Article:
Note: REL Midwest was unable to locate a link to the full-text version of this resource. Although REL Midwest tries to provide publicly available resources whenever possible, it was determined that this resource may be of interest to you. It may be found through university or public library systems.

LoBasso, T. (2006). An evaluation of enrollment management models of the 28 Florida community colleges. College and University, 81(4), 31–38. Retrieved from https://eric.ed.gov/?id=EJ745906

From the ERIC abstract: “The purpose of this study was to determine the extent to which enrollment management models have been successfully implemented within the 28 Florida community colleges. The study also sought to determine when enrollment management structures began and whether expected benefits were achieved. Analysis of the data collected in this study indicated the following five major findings. First, enrollment management concepts and practices have been implemented at some level within the 23 Florida community colleges surveyed. Second, enrollment management models reported were determined to be relatively new in comparison to four-year institutions. Third, some enrollment management divisions appeared to have key enrollment offices displaced. Fourth, increasing enrollment was the strongest reason for implementing the enrollment structure and subsequently was the strongest benefit realized. The fifth finding was that moving key enrollment offices such as financial aid into the enrollment management organizations would be an improvement to existing models.”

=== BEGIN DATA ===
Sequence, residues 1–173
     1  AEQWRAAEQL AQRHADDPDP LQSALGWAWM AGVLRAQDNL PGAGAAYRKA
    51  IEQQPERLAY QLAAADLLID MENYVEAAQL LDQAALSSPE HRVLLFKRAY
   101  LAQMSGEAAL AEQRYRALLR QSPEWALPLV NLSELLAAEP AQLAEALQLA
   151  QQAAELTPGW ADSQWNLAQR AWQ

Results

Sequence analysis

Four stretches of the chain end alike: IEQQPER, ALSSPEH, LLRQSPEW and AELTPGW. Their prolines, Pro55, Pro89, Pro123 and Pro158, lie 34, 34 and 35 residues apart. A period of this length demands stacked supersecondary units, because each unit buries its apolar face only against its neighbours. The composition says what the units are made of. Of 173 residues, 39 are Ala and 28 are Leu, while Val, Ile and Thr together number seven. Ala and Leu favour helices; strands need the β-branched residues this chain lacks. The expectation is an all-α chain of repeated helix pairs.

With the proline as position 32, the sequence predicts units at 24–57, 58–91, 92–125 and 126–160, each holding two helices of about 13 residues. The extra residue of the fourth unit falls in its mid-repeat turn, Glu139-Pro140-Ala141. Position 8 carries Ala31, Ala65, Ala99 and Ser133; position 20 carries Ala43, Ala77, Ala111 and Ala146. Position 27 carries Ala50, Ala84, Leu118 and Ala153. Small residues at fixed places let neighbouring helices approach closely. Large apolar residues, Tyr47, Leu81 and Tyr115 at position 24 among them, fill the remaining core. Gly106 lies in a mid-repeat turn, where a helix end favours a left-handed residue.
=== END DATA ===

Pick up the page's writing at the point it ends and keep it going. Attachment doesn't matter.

Note: REL Midwest was unable to locate a link to the full-text version of this resource. Although REL Midwest tries to provide publicly available resources whenever possible, it was determined that this resource may be of interest to you. It may be found through university or public library systems.

Pirius, L. K. (2014). A data-driven approach to SEM development at a two-year college. Strategic Enrollment Management Quarterly, 1(4), 251–262. Retrieved from https://eric.ed.gov/?id=EJ1109804

From the ERIC abstract: “This article explores implementation of strategic enrollment management (SEM) at a two-year college and why SEM is critical to the long-term viability of an institution. This article also outlines the five initial steps needed to implement SEM, including identifying SEM leadership, building a SEM committee, developing a common understanding of SEM, building SEM goals that recognize the institution’s strengths and weaknesses, and dedicating resources for SEM. Additionally, the article delves into data collection and data analysis methods to form goals, strategies, measures, and key performance indicators (KPIs) as part of a well-developed SEM plan. Finally, the article concludes with a focus on six project goals other institutions can adopt as they pursue their own SEM initiative.”

Note: REL Midwest was unable to locate a link to the full-text version of this resource. Although REL Midwest tries to provide publicly available resources whenever possible, it was determined that this resource may be of interest to you. It may be found through university or public library systems.

Sigler, W. (2017). SEM core concepts: Building blocks for institutional and student success. Washington, DC: AACRAO. Retrieved from http://www4.aacrao.org/publications/catalog.php?item=0149#.XDyudPx7lBx